Hello everybody and welcome in to episode #215 of the Bible 2021 podcast. We are reading 1 Corinthians 4 today and our focus is on What Is the Business of the Church + How is the Kingdom of God Not About Talk But Power? We are a daily 10 minute podcast, where we will dig in to the truth of the Word of God by reading one Bible chapter a day and discussing it. Welcome to new listeners in . Thanks for listening! Our goal is to encourage DAILY Bible reading, so you can jump in at any time and join with us. We want to invite as many people as possible to join us in daily Bible reading, so help spread the word and share the podcast! Don’t forget about our web-page, Bible2021.com – contact page, show notes, transcript and more– Click here for our Bible 2021 reading plan\
Today we get yet another metaphor for carrying the Kingdom of God forward. When Jesus first called His disciples, He used the metaphor of fishing – “Follow me, and I will make you fishers of men,” said Jesus to a group of professional fishermen. Later on, He used the metaphor of farming, with the Word of God being the seed, and people being the ground that the seed was planted in. Paul used that metaphor as well in yesterday’s passage, saying that he was the one who planted the seed of God’s Word into the soil of the Corinthian people, and that Apollos was the one who figuratively watered that word by teaching more and more about Jesus and the Word of God – planting and watering produced growth in the Corinthians. They went from bare soil to maturing plants that were beginning to bear fruit. He then switched metaphors again to something his listeners would understand – comparing his and Apollos’ efforts to building a house. Paul was the one who laid the foundation of the house, metaphorically representing the initial teaching of Jesus and His life, His crucifixion, His resurrection and His offer of salvation by grace through faith. The foundation, as we found out yesterday, will always be the same – Jesus! And Apollos built on that foundation with other teachings from God’s Word.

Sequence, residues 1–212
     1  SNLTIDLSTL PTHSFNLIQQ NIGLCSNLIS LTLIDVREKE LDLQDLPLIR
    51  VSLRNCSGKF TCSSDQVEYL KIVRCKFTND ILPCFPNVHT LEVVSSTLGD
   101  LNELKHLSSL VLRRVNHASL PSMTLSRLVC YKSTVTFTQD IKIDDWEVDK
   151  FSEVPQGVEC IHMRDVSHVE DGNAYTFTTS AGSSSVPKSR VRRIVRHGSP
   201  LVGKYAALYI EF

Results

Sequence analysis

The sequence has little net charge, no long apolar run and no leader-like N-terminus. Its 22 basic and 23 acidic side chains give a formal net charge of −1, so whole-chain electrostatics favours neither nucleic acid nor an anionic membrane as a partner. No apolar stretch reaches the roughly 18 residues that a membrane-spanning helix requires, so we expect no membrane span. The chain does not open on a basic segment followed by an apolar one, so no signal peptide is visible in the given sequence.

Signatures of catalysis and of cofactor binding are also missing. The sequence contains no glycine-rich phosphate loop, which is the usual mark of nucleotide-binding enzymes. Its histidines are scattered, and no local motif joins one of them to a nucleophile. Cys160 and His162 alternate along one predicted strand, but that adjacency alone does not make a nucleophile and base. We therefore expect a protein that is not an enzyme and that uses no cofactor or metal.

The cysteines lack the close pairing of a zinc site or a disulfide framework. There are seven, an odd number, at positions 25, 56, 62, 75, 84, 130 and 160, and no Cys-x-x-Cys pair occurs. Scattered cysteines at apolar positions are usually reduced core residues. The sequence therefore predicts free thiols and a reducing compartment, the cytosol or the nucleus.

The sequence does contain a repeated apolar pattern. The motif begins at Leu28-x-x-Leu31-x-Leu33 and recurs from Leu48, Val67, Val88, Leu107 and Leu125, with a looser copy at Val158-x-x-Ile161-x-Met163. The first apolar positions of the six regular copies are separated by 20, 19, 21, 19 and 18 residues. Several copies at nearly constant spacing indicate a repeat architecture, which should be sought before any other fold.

That gets us our chapter today, where we have a new metaphor, but this metaphor is also borrowed from Jesus. Paul says that he and his team are like managers of a house for an owner, or a business for an owner:
A person should think of us in this way: as servants of Christ and managers of the mysteries of God. 2 In this regard, it is required that managers be found faithful. 1 Corinthians 4:1
So a minister, pastor, leader, or mature follower of Jesus is ALSO like a manager of the mysteries of God. God is the owner of the house, the business – whatever, and we are the managers that are running the business on behalf of the owner. This reminds me of my new favorite parable, the Parable of the Minas in Luke 19 – in which Jesus gives us some details on exactly the kind of business that we, as managers are running – and it is not a money-making business, but a people-multiplying business!